WVPA Update: January 9

There’s a growing trend of pharmacies that are being terminated from pharmacy networks by pharmacy benefit managers (PBMs) due to the pharmacy’s affiliation with providers who have been previously terminated from the PBM’s pharmacy network.

PBMs are targeting pharmacies that have relationships with terminated individuals or pharmacies. This means a pharmacy could be subject to termination if it has common ownership, hired employees, maintains officers, or directors, who have all been terminated from the pharmacy network. Due to this growing trend, it is more important than ever to take all PBM actions serious, including audits, investigations, terminations and even credentialing rejections.

As the calendar year ends, PBMs often review pharmacies that participate in their networks. Such review may include an evaluation of past audit performances or any past adverse action taken against the pharmacy, or such review might include requesting the pharmacy to undergo “re-credentialing.”

Pharmacies that are asked to undergo re-credentialing are often asked a series of questions associated with general ownership structure, location and hour information, business transactions, potential common ownership of other pharmacies, potential disciplinary action from State Board of Pharmacy or other PBMs, etc.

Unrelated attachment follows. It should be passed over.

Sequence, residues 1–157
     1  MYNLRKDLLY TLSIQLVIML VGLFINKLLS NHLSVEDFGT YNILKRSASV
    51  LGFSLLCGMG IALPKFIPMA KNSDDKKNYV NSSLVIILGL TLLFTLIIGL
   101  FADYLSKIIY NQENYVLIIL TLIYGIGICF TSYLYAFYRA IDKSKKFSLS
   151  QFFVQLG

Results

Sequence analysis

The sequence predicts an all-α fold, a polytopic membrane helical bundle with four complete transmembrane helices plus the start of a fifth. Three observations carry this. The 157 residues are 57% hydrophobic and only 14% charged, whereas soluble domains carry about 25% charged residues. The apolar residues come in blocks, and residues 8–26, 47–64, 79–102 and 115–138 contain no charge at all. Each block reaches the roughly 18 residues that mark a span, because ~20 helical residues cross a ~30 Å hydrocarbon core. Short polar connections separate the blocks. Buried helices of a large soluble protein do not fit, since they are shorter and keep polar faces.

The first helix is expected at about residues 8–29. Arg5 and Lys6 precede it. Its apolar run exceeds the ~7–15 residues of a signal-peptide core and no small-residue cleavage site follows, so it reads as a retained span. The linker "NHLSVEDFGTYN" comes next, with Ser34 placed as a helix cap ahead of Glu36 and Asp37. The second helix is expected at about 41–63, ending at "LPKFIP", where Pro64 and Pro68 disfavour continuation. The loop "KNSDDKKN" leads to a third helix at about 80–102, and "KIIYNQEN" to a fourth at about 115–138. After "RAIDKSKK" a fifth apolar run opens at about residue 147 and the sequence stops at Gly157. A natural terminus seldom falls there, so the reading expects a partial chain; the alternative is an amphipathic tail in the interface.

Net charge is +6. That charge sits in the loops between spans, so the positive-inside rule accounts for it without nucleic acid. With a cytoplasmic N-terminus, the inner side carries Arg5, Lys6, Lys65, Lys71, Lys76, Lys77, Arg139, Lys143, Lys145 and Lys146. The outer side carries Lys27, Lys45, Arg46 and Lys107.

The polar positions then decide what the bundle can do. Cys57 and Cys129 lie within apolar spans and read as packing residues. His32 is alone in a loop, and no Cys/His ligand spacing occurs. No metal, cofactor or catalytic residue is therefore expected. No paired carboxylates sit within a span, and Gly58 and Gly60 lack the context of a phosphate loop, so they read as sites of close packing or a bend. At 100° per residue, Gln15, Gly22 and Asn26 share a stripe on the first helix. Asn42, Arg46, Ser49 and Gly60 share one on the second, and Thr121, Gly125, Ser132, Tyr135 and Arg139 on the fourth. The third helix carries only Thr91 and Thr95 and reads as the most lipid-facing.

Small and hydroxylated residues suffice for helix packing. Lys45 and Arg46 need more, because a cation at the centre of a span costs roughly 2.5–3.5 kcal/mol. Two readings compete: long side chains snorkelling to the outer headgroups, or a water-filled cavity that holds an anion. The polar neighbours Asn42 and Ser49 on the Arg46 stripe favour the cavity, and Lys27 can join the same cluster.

Recent enforcement actions over allegations regarding assisting pharmaceutical manufacturers to pay improper kickbacks to Medicare beneficiaries are not the only issues currently impacting Patient Assistance Programs (PAPs). PBMs are also taking an increasingly hard stance over the use of PAPs by specialty and retail pharmacies across the country.

Some PBM Provider Manuals include explicit terms and conditions regarding the use of financial hardship policies, but many are silent with regard to a patient’s use of third-party PAPs and the impact that may have on the pharmacy’s reimbursements. It is even less clear how PBMs will treat the use of a PAP that has been the subject of a settlement or enforce-ment action by the Department of Justice.

Pharmacies should be aware that PBMs will go as far as recouping the total amount of reimbursement on claims where proof of copayment collection cannot be adequately demonstrated. Failure to collect copayments, or to provide proof of collection, can also lead to immediate termination from a PBM’s network.

The Food and Drug Administration (FDA) issued warning letters to 15 companies selling cannabidiol (CBD) and published a revised Consumer Update broadly detailing its safety concerns regarding CBD products. In addition, the FDA is to provide an update on its progress towards developing a regulatory approach to CBD products.

Companies that received warning letters sold their products online in “interstate commerce.” The products sold include a wide range of CBD products including oils, creams, tinctures, capsules, dietary supplements, human foods (such as gummies and chocolates) and animal foods. The FDA focused its attention on companies that market CBD products with claims that the products cure, mitigate, treat or prevent diseases such as cancer, diabetes, opioid addiction, schizophrenia multiple sclerosis, autism, Crohon’s disease, depression and arthritis.

The FDA made it a point to emphasize that the CBD foods and dietary supplement products were in further violation of the Food, Drug and Cosmetic Act.